Five things freelancers need to know about filing their taxes

Solo-preneurs have different tax-filing concerns, and the Canada Revenue Agency is cracking down on some common practices

Tax Week

woman working on computer late at night

(Oscar Wong/Getty)

If you’re among the nearly 3 million Canadians that Statistics Canada defines as self-employed, you know that doing your taxes is a bit more involved—and higher-stakes—than simply submitting a T4 form. Caroline Battista, tax analyst for H&R Block, lays out the five things entrepreneurs can’t afford to overlook this season.

1. The CRA is cracking down on business travel

In the last four years or so, Battista has observed an influx of clients who’ve had their business travel claims questioned by the Canada Revenue Agency. They’re usually flagged because they didn’t provide enough detail, says Battista. The CRA appears to be taking a harder stance on these claims, “probably because it can be one of the biggest expenses,” she says. If you intend to claim your car use, you must keep a clear log of mileage and fuel costs and you may only file for trips that are on “business time.” The CRA has provided a handy guideline on how to keep a log that can be found here.

2. You can claim more stuff than you realize—but approach with caution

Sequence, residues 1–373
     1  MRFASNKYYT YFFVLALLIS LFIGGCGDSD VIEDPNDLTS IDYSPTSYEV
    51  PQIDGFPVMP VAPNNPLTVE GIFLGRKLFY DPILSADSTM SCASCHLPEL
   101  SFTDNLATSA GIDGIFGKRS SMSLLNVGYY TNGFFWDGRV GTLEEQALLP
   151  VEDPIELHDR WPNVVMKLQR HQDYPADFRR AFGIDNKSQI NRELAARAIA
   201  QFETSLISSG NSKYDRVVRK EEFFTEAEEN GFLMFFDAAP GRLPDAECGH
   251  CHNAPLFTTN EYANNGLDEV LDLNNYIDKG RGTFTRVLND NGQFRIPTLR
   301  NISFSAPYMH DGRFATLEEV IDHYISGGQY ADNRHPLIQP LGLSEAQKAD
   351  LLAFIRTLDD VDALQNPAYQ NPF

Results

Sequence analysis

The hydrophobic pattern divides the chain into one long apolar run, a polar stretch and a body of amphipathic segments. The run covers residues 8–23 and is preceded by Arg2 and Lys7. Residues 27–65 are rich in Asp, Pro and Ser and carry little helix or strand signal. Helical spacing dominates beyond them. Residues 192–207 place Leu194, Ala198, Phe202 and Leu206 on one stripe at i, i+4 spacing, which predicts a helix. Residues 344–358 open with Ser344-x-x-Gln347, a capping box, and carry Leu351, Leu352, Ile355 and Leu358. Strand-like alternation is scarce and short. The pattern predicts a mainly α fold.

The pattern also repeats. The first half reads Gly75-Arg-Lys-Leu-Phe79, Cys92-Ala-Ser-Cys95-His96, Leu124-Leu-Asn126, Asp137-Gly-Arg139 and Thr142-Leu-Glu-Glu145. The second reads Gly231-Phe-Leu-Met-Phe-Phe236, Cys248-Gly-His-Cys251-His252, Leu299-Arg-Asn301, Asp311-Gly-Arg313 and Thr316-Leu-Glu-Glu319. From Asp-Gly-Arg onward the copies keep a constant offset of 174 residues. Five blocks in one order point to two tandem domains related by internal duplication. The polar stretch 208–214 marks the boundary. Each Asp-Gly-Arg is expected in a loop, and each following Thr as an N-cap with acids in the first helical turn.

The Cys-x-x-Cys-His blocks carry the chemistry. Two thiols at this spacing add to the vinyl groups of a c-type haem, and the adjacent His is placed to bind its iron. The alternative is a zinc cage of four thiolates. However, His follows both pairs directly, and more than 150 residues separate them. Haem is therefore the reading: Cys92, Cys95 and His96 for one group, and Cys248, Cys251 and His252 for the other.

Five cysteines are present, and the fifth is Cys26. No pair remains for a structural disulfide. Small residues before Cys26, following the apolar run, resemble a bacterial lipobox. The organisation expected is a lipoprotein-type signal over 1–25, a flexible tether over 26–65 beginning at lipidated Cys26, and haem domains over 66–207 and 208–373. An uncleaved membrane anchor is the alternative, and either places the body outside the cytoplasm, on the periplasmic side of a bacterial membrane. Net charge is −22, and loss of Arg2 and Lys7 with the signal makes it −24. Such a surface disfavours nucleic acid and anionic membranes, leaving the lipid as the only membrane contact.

You can’t claim your cell phone bill unless you can prove the phone is for business matters only. If you really need that tax deduction, you’ll probably have to get a second phone, says Battista. Another troublesome area for solo-preneurs is around Internet costs. People who work from home can expense their networking costs—but likely not 100% of it. For example, a person who runs a small business with an e-commerce site will be eligible to claim 10% or more of their Internet bill. On the other hand, someone who runs a home daycare may not be able to claim the expense at all if it’s not essential to the running of the business.

3. Track everything in extreme detail (or as much as possible)

When you purchase something for your business, it’s not enough to show the CRA a Visa statement, Battista says. If the CRA asks, you need to be able to produce the actual receipt from the point-of-sale.  Don’t forget to write on the receipt the reason for purchasing. For business lunches, write down who you were with and the purpose of the meeting. A good habit to get into: File these receipts away immediately after (on the same day at least) and keep your business receipts separate from your personal ones. Battista recommends cultivating the mindset that “taxes are a year-round event.”

4. Do a dry run before filing for real

One way to see if there are any deductions you’re missing out on is to do a practice run. Battista recommends scanning a copy of the T2125 form, the Statement of Business or Professional Activities. This exercise is especially helpful for the newly self-employed, Battista says, as it gives you a clearer picture of how the CRA expects claims to be documented. There’s also a helpful section in there about how to calculate depreciation of your capital assets.

5. Your deadline to file is different

Hooray! You’ve got until June 15 (unless you’re owe back taxes—in that case you need to file with everybody else on April 30).